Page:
It is important to remember that private parking companies (or PPCs as they are often called) have NO OFFICIAL POWERS - that's right, none at all! They give out their "tickets" on the basis that you have seen the signs in their car park and that you have therefore agreed to a contract obliging you to pay a certain sum of money.


    2. What happens to people who don't pay?

    In 99.9% of cases, absolutely NOTHING! The company pays the DVLA £2.50 to get your address, and then sends lots of threatening letters. In the main, these letters can be safely IGNORED. The only way the company can actually force you to pay is by taking you to the small claims court, which costs them even more money. And they are by no means guaranteed to win! And they practically never do.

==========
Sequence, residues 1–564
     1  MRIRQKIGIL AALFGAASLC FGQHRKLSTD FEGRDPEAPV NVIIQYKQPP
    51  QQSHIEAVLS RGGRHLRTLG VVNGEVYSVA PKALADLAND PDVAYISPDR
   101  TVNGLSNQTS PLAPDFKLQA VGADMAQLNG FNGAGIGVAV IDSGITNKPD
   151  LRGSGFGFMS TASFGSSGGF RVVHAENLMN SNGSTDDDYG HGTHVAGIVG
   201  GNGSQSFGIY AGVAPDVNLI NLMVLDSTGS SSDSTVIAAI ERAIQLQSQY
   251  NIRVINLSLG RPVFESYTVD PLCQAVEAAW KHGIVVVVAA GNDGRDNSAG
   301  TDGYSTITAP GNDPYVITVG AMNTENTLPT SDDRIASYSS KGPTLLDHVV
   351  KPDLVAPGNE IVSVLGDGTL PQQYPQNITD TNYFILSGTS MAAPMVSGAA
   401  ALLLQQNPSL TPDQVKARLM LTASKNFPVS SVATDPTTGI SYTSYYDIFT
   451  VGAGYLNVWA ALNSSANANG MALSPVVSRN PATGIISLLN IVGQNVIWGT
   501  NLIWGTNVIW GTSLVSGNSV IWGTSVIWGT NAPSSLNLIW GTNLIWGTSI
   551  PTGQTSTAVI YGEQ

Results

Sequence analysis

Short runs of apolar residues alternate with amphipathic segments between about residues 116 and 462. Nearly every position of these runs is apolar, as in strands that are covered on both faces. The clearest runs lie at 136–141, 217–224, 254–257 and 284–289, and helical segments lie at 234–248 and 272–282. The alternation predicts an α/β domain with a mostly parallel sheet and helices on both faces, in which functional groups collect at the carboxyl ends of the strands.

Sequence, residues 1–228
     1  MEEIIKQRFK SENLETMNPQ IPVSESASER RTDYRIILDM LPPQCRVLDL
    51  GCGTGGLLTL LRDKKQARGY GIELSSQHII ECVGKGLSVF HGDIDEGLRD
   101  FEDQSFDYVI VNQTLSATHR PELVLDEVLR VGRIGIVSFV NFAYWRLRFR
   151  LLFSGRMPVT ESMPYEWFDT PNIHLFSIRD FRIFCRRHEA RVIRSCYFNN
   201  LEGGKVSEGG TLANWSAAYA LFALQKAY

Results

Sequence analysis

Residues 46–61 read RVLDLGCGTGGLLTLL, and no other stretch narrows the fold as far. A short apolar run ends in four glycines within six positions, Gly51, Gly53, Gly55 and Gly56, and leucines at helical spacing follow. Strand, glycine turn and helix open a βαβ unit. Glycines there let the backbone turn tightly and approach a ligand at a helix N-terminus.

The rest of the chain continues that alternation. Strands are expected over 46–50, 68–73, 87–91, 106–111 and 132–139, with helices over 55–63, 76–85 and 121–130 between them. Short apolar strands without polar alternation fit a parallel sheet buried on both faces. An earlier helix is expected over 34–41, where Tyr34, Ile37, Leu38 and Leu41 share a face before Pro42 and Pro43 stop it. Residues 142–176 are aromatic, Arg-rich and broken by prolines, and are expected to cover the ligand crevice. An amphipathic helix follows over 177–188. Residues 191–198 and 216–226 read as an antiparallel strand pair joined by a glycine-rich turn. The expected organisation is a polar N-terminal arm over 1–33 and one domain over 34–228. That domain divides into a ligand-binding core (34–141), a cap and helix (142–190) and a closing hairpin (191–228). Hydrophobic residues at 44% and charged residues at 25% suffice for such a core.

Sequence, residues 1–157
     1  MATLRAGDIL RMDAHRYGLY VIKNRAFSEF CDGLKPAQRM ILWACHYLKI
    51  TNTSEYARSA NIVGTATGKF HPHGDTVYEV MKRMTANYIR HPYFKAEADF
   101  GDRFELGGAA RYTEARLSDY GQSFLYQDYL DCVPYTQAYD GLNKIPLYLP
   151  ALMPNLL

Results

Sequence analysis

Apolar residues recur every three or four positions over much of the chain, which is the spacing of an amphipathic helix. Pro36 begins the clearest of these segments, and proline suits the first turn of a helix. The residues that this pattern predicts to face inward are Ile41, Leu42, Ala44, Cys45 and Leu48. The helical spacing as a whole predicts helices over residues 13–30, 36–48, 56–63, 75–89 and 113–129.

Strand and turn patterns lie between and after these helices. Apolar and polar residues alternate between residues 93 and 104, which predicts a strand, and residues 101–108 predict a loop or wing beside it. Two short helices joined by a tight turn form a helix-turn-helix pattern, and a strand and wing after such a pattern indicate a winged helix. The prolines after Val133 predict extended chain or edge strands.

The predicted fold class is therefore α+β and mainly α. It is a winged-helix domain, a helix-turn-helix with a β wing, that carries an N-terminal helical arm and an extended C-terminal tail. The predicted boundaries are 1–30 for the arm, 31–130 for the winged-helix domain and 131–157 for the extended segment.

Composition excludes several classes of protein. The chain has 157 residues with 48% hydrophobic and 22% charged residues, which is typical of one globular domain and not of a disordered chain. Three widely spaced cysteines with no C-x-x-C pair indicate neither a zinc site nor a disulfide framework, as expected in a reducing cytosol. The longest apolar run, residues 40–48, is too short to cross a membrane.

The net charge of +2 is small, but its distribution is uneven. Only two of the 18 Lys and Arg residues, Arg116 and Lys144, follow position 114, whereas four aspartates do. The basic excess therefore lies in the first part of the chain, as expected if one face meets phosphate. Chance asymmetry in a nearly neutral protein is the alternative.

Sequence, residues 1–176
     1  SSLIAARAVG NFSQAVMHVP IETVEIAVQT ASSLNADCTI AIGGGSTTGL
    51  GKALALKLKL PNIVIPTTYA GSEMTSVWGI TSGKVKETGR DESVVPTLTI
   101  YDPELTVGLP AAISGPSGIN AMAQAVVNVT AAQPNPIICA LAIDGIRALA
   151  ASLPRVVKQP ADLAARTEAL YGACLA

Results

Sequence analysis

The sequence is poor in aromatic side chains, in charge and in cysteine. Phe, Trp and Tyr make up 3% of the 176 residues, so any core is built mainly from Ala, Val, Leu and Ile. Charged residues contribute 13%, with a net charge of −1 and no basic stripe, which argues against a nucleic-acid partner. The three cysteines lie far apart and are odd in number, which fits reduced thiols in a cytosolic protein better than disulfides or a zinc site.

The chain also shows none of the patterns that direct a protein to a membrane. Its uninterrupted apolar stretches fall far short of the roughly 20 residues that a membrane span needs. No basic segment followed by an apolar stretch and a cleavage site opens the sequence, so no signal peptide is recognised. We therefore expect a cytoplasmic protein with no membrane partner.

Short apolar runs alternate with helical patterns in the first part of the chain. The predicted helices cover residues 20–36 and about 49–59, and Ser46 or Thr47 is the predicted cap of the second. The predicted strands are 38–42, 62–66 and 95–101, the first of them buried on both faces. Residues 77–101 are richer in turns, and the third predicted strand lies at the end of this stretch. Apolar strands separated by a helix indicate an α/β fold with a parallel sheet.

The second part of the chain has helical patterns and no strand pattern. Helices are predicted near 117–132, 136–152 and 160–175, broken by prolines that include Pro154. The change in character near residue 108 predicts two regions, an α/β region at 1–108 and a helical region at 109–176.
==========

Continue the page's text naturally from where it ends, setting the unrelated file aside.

The two main reasons for this (among others) are the following:

    - Only the person DRIVING the car could ever have agreed to any such parking contract. The company can only get the Registered Keeper's address from the DVLA: you don't have to tell them who was driving.

    -Many of these charges are so extortionately high that they constitute a penalty, which is unenforceable in a consumer contract.


    3. Can they affect my credit rating?

    NO! The only way your credit rating could be affected by ignoring private parking companies is if you were taken to court, lost, and then still refused to pay. But they will not take you to court.


    IN SHORT

    The vast majority of the time, you can safely IGNORE tickets from private parking companies, they are not official fines.

    The vast majority of the time, you can safely IGNORE the threatening letters, including those from debt collection agencies.